The Family Dermatology Life Quality Index: measuring the secondary impact of skin disease

Authors

  • M.K.A. Basra,

    1. Department of Dermatology, Cardiff University, Wales College of Medicine, Heath Park, Cardiff, CF14 4XN, U.K.
      *Department of Microbiology, Wycombe General Hospital, Queen Alexandra Road, High Wycombe, Bucks, HP11 2TT, U.K.
    Search for more papers by this author
  • R. Sue-Ho,

    1. Department of Dermatology, Cardiff University, Wales College of Medicine, Heath Park, Cardiff, CF14 4XN, U.K.
      *Department of Microbiology, Wycombe General Hospital, Queen Alexandra Road, High Wycombe, Bucks, HP11 2TT, U.K.
    Search for more papers by this author
  • A.Y. Finlay

    1. Department of Dermatology, Cardiff University, Wales College of Medicine, Heath Park, Cardiff, CF14 4XN, U.K.
      *Department of Microbiology, Wycombe General Hospital, Queen Alexandra Road, High Wycombe, Bucks, HP11 2TT, U.K.
    Search for more papers by this author

  • Conflicts of interest
    A.Y.F. is joint copyright owner of the Dermatology Life Quality Index (DLQI) and Family Dermatology Life Quality Index (FDLQI). A.Y.F.’s department gains some income from the use of the DLQI. A.Y.F. gives paid consultancy advice to several pharmaceutical companies but this study has not involved any pharmaceutical company and has not received any external funding. M.K.A.B. is a joint copyright owner of the FDLQI.

  • This study was conducted at the University Hospital of Wales, Cardiff, U.K.

M.K.A. Basra.
E-mail: drkhurshid69@hotmail.com; FinlayAY@cf.ac.uk

Abstract

Summary  Background  Skin diseases are known to have a major impact on the lives of patients and their families. Many instruments are available to measure the health-related quality of life (HRQoL) of patients but no measure has been developed so far to quantify the secondary impact on family members of the patients.

Objectives  To develop and validate a dermatology-specific instrument to measure the adverse impact on the HRQoL of family members of patients with skin disease.

Methods  Detailed semi-structured interviews were conducted with family members of patients to identify different aspects of HRQoL affected. An initial draft version of the questionnaire based on the main topic areas was pilot tested to assess the face and content validity. A 10-item questionnaire, the Family Dermatology Life Quality Index (FDLQI), was finalized after modifications to the draft questionnaire based on feedback from families and dermatology professionals and on item reduction. Psychometric evaluation was conducted on a new cohort of family members (n = 132) who completed the FDLQI and the patients (n = 109) who completed the Dermatology Life Quality Index (DLQI).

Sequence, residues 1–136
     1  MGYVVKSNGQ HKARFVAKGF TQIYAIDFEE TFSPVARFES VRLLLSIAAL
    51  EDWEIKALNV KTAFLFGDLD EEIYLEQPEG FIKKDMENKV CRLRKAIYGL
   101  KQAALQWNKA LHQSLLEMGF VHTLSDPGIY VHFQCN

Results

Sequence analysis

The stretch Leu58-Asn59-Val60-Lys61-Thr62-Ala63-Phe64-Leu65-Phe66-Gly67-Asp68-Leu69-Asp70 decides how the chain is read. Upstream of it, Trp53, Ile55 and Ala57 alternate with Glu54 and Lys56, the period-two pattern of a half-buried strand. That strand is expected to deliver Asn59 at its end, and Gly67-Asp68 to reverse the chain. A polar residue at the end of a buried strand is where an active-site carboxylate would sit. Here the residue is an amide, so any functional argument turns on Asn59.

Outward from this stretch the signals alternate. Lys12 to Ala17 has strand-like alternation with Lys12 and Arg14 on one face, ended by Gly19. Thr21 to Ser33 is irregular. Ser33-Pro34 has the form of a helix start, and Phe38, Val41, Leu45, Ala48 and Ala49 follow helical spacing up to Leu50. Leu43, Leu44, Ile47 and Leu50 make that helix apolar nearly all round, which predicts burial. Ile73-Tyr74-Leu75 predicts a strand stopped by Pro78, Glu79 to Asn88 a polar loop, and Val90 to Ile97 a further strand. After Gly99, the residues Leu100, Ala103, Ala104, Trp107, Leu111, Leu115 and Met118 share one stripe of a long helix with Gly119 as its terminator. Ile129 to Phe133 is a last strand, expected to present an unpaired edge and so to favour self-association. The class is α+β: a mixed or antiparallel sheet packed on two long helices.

Results  Fifty-nine different aspects of family members’ HRQoL were identified from the analysis of the interviews, which were categorized into main topic areas. Factor analysis of 10 items of the final questionnaire revealed two factors and together these explained 60% of the common variance. The FDLQI demonstrated high internal consistency (Cronbach's α = 0·88) and test–retest (intraclass correlation coefficient = 0·94) reliabilities. The responsiveness of the instrument to change was shown by significant change in the family members’ FDLQI scores in cases where patients’ clinical condition either improved or worsened. Construct validity was assessed by testing a number of a priori hypotheses. A strong correlation was seen between the family members’ FDLQI scores and patients’ DLQI scores (r = 0·69), a significantly higher FDLQI score was seen for inflammatory skin diseases compared with noninflammatory diseases/isolated lesions (P < 0·0001), and there was a positive relationship between the family members’ FDLQI scores and patients’ disease severity (r = 0·49).

Conclusions  The FDLQI is simple and practical and seems to have the potential to be used as an additional outcome measure in clinical practice and evaluation research.

Ancillary